An article delving into the history of neon and how neon art is being enjoyed by a new generation of artists.
In a blog post about the rise in popularity of neon as an art form it would seem strange to talk about the possibility it has already had its time in the public eye and is now fading in its usage, but that is exactly the point. While its commercial value is said to be diminishing in some quarters, neon art is becoming an intriguing form of decoration and although it is less mainstream than in the 1950s and ‘60s, it is still a great way to get a message across.
Neon was first discovered by William Ramsay in his London laboratory back in 1898. Named after the Greek word for ‘new’, neon was taken on by French entrepreneur Georges Claude who created the neon lamp 12 years later. Claude Neon developed neon signs for a range of businesses and institutions well into the 1920s.
Illuminated signs were becoming popular in big US cities like Los Angeles and New York throughout the 1930s as this was a cost-effective means of promoting businesses, while these neon creations were also part of a cultural attitude too. Flashing neon signs became symbols of democracy.
The glamorous appeal of neon did die down in the late 1940s and ‘50s, as many inner city areas were in decline. In fact, this was its lowest ebb, with neon losing its novelty and becoming more of a sign for sleaze and characteristic of run-down urban areas.
However, despite the fact that the impact of neon was fading fast across the United States, Las Vegas was about to enter its neon heyday. The Neon Museum contains many of the city’s iconic signs from yesteryear, with this popular tourist attraction showcasing more than six acres of signage.
Neon has always had its critics who argue that its bright glow represents the height of artifice, but paradoxically neon light-making is actually an artisanal craft. This is a pure art form and skills are required to create these colours by hand.
Neon specialists now spend their time in workshops developing new and exciting signs that still captivate the audience, with the form commonly displayed in areas where foot traffic is at its highest. Pedestrians passing neon signs on the street still admire its use, whether for commercial or artistic purposes.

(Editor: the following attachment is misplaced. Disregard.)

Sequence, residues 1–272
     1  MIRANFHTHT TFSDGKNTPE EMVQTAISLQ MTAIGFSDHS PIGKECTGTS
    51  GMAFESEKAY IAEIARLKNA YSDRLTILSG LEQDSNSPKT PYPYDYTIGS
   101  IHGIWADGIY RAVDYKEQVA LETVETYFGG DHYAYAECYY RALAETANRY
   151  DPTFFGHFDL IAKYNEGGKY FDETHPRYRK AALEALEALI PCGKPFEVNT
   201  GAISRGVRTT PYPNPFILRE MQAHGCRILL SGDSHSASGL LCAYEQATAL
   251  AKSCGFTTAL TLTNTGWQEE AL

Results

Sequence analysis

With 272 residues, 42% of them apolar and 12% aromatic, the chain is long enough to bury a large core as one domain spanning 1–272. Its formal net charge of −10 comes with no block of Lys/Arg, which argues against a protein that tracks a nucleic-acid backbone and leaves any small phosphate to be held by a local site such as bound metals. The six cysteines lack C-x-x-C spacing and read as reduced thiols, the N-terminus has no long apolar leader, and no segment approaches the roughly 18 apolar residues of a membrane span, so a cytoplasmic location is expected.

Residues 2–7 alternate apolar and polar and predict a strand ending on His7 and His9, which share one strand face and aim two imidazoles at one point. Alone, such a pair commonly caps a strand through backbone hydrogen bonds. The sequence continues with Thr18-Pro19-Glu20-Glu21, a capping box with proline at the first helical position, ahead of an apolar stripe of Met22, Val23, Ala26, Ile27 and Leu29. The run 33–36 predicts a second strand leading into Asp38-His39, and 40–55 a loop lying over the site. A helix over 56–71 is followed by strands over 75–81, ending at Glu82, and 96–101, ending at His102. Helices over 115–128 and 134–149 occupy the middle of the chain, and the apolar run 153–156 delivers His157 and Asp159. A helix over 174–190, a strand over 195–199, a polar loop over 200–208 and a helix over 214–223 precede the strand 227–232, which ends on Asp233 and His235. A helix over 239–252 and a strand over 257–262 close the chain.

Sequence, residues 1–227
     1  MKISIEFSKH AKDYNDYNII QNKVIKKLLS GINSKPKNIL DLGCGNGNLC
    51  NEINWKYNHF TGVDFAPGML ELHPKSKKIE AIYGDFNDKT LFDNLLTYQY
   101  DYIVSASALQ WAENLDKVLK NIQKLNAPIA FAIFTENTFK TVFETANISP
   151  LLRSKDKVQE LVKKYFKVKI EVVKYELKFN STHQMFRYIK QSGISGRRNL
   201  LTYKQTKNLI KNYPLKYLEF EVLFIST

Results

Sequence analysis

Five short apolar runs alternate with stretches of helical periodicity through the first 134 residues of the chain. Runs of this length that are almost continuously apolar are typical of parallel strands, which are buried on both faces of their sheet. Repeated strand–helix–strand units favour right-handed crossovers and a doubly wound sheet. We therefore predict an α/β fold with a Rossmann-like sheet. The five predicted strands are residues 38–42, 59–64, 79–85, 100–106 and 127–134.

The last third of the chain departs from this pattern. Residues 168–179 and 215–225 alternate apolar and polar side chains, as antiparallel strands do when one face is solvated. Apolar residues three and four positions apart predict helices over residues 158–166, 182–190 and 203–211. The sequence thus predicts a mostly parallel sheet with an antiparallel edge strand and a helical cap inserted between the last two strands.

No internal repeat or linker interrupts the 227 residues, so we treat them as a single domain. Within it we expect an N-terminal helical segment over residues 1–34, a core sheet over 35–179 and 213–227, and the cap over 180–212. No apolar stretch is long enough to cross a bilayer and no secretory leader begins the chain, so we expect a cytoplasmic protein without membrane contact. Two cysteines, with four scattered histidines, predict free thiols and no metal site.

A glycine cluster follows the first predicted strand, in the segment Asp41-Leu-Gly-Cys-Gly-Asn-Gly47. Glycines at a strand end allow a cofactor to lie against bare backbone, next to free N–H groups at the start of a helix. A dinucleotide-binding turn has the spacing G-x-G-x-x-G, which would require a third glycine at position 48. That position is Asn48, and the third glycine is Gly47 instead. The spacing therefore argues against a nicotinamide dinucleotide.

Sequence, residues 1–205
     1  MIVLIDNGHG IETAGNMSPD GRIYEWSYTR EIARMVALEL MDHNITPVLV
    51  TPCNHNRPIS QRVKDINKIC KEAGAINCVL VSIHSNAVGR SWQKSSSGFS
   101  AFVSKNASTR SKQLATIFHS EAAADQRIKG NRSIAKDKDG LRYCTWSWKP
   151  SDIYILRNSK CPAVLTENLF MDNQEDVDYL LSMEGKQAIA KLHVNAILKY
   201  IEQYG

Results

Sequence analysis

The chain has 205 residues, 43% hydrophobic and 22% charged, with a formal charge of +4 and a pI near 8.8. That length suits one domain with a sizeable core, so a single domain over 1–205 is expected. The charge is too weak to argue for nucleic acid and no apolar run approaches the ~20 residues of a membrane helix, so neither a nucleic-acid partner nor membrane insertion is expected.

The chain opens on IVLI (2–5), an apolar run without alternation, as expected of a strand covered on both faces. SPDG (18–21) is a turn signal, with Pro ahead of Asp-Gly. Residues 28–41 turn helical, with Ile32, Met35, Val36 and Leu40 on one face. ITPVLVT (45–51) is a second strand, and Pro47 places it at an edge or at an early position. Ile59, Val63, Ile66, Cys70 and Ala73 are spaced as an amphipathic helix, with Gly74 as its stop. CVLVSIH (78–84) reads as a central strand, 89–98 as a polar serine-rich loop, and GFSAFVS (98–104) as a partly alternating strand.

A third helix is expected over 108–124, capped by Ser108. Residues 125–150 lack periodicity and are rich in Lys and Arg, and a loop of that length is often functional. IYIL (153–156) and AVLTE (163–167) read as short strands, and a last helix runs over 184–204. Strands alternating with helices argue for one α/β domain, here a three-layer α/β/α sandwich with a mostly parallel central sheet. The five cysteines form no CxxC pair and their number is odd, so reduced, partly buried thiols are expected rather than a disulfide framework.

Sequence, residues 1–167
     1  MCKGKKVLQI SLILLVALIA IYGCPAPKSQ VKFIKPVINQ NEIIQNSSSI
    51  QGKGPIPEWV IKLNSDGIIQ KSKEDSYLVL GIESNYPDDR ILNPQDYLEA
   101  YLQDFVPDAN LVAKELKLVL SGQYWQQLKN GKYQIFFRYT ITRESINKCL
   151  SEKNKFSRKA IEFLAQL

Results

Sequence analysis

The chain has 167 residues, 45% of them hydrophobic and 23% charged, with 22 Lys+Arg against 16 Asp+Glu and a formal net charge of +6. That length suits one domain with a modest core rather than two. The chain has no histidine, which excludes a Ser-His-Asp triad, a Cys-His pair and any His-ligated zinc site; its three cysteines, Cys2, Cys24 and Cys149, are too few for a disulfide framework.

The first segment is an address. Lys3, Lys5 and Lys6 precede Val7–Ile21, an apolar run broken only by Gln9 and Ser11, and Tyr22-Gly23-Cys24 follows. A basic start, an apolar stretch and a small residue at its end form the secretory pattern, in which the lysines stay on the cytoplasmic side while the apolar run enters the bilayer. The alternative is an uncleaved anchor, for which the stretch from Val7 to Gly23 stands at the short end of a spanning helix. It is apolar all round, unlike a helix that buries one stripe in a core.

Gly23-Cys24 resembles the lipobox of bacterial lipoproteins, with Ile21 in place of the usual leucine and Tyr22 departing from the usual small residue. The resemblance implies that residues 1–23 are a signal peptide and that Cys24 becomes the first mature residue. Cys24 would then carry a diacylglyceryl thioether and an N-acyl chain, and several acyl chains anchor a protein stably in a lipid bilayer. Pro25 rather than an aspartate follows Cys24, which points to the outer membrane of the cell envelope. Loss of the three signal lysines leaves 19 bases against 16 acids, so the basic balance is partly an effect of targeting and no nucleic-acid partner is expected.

Many small businesses use neon to personalise their identity, with its image still highly distinctive and the gas in glowing tube approach to advertising still feels real in a world of LED and video.
As neon is now mainly used by niche enterprises and firms that want to stand out from the rest, it is not as noticeable as it once was, but as an art form it is really emerging, with a new generation of neon artists creating iconic pieces.
More than just gaining a cult following, neon, in the form of vintage and salvaged signs plus retro displays, has been used to create quirky art collections and this type of lighting still features in advertising campaigns throughout the world.
Wall-based neon art and sculptures are also more common in public settings with Chicago’s O’Hare Airport one example of how abstract neon patterns are displayed on the ceiling of the concourses and made to change according to the music being played.
While the usage of neon may have changed over time, its manufacturing process is still very much the same as it was a century ago.
Many artists are looking to translate their ideas in this way and bring their visions to life through this decorative form. One the manual skills required to make signs have been discovered, neon can be used creatively to produce all manner of individual pieces.
So neon is certainly nothing new, and while its commercial heyday may have passed, it is still an interesting option for businesses looking to promote themselves in a unique way. But it is in its role as a modern art form that is showing neon off in a completely different light.